Even if research is the ultimate goal, academia is not necessarily the easiest place to bring that dream to life. The California professor noted that training and running large language models takes huge amounts of expensive computing resources, which most universities can’t afford. He estimated that at least half of the attendees at NeurIPS are doing work that requires generous computing budgets.

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Louise’s view

Attending NeurIPS demonstrated the large gulf between how the AI industry is perceived and the way it really operates. While the narrative in Washington is that the U.S. and China are decoupling their technology ecosystems, the reality is that AI researchers from both countries are still engaging in plenty of mutually beneficial collaboration.

Much of that work happens when Chinese students come to the U.S. to obtain advanced degrees. Previously, most stayed in America after they graduated, but more top scientists are now returning to the People’s Republic, a trend that may benefit Chinese companies recruiting at events like NeurIPS.

Another example is the hype around tools like ChatGPT. None of the researchers I spoke to doubted that OpenAI’s creation had transformed the industry, but they noted that the space is much broader than chatbots. Perhaps just as many PhD graduates will go on to optimize stock trading programs or develop drugs (AstraZeneca also had a booth at NeurIPS).

But the biggest disconnect is how worried most researchers feel about potential catastrophic risks related to advanced AI. Over the last year, a number of tech luminaries have raised concerns that developing superintelligent systems could pose an existential threat to humanity, and their perspectives have gained a lot of mainstream attention. But that rhetoric didn’t appear to be very common at NeurIPS, though there were plenty of researchers presenting work about racial bias, cybersecurity vulnerabilities, and other types of more common harms.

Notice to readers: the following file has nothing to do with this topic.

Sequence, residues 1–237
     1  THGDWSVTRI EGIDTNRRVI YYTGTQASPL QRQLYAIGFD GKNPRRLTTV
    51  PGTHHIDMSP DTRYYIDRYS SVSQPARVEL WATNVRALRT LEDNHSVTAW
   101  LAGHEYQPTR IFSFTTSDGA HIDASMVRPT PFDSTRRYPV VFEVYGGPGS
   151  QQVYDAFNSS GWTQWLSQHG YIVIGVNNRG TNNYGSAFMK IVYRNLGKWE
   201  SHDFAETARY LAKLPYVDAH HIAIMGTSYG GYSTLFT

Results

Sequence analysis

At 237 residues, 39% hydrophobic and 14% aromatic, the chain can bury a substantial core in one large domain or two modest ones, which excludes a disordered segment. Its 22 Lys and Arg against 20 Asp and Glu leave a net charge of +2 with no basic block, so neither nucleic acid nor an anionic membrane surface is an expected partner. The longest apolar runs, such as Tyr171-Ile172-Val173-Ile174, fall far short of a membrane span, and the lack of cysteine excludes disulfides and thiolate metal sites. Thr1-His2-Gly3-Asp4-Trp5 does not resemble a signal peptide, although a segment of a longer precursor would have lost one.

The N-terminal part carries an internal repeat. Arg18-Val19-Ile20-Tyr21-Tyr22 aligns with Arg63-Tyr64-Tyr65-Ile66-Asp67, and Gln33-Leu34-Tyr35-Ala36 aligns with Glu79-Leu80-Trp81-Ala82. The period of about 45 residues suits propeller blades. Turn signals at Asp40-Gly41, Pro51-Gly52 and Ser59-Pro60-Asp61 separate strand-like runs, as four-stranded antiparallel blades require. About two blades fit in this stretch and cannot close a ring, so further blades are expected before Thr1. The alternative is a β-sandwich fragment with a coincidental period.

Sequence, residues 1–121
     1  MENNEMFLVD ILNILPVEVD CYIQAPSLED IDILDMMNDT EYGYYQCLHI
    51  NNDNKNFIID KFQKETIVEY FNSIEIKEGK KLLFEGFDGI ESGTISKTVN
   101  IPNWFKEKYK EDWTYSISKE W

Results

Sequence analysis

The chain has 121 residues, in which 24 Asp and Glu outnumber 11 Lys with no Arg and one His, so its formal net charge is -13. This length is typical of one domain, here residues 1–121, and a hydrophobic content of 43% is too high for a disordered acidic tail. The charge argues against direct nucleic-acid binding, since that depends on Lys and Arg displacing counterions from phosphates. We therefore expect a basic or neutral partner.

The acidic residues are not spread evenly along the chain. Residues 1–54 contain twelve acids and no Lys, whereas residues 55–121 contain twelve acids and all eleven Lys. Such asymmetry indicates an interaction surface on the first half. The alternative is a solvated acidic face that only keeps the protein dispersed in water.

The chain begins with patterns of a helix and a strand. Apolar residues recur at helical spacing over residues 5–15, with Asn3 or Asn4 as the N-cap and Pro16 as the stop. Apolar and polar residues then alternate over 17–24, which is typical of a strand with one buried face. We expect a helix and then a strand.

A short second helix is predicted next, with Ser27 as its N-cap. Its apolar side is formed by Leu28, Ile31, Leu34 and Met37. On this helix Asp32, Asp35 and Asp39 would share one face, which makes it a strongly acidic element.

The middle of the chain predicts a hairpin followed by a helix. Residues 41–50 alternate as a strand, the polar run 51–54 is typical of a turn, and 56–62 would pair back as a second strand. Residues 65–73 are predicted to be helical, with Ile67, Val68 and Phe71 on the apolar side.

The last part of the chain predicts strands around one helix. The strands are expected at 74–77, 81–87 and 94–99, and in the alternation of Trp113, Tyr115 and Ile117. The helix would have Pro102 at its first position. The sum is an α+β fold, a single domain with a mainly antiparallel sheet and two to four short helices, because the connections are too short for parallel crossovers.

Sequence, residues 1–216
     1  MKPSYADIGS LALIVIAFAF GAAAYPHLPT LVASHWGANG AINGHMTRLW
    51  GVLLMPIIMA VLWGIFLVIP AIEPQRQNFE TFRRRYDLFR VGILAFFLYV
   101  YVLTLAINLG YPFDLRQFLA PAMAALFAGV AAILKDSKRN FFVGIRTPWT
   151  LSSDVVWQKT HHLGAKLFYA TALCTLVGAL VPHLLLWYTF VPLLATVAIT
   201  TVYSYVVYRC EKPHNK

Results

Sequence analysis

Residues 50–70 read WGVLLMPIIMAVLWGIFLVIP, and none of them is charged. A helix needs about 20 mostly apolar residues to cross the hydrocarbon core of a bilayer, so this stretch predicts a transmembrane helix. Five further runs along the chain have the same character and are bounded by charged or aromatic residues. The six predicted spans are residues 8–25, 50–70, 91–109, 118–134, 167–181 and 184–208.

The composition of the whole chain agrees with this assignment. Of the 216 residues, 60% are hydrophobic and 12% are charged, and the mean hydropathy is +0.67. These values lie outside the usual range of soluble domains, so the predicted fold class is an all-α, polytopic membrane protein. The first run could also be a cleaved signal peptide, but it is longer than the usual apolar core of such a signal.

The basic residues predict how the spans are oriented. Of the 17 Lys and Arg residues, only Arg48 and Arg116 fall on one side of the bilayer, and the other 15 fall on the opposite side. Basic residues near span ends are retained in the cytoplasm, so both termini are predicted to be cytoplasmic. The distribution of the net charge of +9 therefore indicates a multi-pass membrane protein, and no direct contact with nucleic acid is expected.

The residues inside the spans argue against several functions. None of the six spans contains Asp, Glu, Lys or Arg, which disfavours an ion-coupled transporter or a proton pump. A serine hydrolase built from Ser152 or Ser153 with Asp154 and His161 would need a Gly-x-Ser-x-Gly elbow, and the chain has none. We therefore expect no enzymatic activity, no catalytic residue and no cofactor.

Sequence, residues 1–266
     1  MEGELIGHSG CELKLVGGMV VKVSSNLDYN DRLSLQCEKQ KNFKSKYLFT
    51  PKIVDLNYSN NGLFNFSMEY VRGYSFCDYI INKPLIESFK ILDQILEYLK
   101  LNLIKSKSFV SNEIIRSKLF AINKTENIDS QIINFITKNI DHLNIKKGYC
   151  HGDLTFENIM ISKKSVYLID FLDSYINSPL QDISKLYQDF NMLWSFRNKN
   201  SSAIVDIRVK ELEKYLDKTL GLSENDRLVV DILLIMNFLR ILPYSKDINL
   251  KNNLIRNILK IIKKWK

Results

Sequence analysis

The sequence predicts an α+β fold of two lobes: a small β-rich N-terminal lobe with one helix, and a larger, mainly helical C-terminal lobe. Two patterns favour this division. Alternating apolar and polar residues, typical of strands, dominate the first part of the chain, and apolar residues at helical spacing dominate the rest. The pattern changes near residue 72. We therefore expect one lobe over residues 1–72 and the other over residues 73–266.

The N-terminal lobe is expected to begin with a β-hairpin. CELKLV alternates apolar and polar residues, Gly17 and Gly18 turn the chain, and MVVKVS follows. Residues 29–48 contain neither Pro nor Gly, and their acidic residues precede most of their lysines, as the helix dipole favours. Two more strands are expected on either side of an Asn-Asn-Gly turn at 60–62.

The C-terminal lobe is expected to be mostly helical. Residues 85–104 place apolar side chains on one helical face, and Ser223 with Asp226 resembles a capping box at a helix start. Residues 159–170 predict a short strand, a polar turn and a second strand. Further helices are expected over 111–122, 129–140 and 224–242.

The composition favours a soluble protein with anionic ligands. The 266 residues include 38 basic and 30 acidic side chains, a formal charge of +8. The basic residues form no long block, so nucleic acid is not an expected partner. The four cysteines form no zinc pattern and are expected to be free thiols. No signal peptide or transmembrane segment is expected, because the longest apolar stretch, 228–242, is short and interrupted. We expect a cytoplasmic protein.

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The View From AI safety advocates

Some NeurIPS attendees used the conference to push back against the idea of developing AGI, or artificial general intelligence, arguing systems smarter than humans will pose a danger to society. At a social event on Wednesday night, several of them passed out purple t-shirts with the phrase “Just Don’t Build AGI” printed on them above the Nike logo, a play on the athletic wear brand’s “Just Do It” slogan. The event was co-hosted by the nonprofit Center for AI Safety.

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Notable

  • NeurIPS was known for decades as NIPS, but organizers finally changed the acronym in 2018 after repeated protests over its sexist connotations as well as the word’s use as a slur against people of Japanese descent. The backlash started reaching its peak a year earlier, when the conference was preceded by an unofficial event called TITS.